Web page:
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Can a pagan practice be "Christianized?"

By Marsha West

January 25, 2008

NewsWithViews.com

Is yoga just a way of reducing stress or is there more to it than that? I mean, everyone's doing it so it has to be a good thing…right? The short answer is that there's more to yoga than meets the eye. So bear with me as I explain the reasons practicing yoga "stretches traditional Christian boundaries" and why Christians should avoid yoga and seek other alternatives.

Yoga has gotten its eight limbed arms into the "Christian West" and, amazingly, a large number of Christians are participating in what has now been termed "Christian yoga" (CY). Before you bend to the temptation to join a class, ask yourself this question: Are Christians who practice yoga going against the Bible?

Many won't like the answer, but here it is anyway: The Bible says, "Have nothing to do with the fruitless deeds but rather expose them." Exposing evil keeps Christians from being "polluted by the world." And yes, yoga is evil. Now, before you get your kickers in a knot and dash off an angry email, allow me to enlighten you.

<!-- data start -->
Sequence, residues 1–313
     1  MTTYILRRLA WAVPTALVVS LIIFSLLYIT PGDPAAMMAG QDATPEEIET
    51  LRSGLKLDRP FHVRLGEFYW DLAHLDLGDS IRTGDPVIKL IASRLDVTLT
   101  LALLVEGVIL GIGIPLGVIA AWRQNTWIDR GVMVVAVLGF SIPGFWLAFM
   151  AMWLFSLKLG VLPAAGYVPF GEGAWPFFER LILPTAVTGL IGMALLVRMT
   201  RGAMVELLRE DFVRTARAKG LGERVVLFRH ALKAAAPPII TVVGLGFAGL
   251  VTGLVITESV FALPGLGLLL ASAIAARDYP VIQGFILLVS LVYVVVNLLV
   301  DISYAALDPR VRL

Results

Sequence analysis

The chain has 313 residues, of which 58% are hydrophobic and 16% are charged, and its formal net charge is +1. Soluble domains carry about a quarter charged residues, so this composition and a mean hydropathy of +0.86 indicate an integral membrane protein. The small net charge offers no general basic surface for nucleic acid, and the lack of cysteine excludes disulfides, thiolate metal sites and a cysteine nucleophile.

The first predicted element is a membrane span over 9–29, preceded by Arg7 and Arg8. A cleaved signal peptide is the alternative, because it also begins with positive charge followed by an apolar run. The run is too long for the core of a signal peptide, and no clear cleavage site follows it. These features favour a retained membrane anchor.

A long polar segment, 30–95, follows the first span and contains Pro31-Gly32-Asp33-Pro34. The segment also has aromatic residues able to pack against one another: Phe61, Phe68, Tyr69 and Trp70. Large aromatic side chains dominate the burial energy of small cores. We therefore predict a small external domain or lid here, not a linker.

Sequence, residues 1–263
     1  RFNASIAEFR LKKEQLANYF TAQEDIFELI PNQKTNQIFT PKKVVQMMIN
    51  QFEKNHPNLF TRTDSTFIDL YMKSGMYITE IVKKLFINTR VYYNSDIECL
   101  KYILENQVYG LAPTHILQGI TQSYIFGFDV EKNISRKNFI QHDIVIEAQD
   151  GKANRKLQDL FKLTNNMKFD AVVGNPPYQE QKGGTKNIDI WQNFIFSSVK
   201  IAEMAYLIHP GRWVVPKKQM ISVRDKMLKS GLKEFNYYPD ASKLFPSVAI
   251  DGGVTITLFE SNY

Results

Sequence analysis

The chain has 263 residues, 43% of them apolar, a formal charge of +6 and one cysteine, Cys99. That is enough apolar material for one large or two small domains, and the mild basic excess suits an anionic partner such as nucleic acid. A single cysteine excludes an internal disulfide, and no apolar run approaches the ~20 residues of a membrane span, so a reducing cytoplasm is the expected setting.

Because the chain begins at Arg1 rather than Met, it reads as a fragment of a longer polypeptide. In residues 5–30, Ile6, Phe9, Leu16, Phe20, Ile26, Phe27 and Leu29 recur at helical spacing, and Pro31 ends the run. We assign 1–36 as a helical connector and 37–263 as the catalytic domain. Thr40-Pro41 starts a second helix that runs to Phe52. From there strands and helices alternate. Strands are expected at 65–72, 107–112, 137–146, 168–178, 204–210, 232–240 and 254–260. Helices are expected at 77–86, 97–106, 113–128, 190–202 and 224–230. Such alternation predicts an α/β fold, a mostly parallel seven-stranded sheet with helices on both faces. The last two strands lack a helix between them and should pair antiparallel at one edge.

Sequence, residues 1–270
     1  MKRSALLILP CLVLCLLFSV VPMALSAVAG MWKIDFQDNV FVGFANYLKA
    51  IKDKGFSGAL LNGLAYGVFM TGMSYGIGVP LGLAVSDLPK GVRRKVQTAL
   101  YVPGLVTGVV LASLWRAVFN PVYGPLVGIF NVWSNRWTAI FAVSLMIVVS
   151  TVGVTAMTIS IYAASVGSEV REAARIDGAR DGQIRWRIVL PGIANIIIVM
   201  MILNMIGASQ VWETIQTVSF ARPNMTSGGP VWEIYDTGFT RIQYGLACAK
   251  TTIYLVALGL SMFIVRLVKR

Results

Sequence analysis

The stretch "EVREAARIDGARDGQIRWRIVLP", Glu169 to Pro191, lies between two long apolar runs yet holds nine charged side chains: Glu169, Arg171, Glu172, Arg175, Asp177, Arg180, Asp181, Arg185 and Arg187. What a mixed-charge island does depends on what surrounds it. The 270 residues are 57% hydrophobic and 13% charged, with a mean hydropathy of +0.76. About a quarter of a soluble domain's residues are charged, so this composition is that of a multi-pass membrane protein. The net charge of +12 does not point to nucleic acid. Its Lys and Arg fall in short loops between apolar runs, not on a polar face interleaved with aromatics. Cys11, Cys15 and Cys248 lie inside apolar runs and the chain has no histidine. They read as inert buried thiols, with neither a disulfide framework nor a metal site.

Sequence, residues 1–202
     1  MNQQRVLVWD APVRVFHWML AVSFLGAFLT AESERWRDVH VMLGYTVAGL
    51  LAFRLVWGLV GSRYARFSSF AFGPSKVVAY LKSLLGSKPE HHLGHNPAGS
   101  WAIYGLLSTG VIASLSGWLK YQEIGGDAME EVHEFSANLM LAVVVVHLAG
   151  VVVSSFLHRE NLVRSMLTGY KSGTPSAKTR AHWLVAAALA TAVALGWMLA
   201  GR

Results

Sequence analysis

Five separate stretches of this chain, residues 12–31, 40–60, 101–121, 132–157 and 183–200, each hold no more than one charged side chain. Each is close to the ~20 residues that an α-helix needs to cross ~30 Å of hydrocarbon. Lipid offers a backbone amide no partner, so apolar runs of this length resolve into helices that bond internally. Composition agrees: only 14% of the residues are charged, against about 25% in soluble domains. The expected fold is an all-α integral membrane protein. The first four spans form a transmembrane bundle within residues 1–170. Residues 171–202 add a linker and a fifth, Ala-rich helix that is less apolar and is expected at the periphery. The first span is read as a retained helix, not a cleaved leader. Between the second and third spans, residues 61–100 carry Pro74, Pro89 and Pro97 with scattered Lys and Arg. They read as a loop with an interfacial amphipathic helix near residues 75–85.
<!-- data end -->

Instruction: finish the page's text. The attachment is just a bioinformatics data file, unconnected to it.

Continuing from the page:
Yoga is being marketed to mainline churches with the assurance of creating stress reduction, developing self-confidence, and improving concentration. It is also marketed to business and industry, athletes, senior citizens, students, teens and adolescents. Because of our fast pace life-style, who wouldn't want to reduce stress? Which is why yoga classes have become so popular.

Now here's the main reason Christians should avoid yoga. Christian apologists John Ankerberg and John Weldon maintain that, "The basic premise of yoga theory is the fundamental unity of all existence: God, man, and all of creation are ultimately one divine reality." To explain the basic premise, the authors quote from an editorial in the Yoga Journal: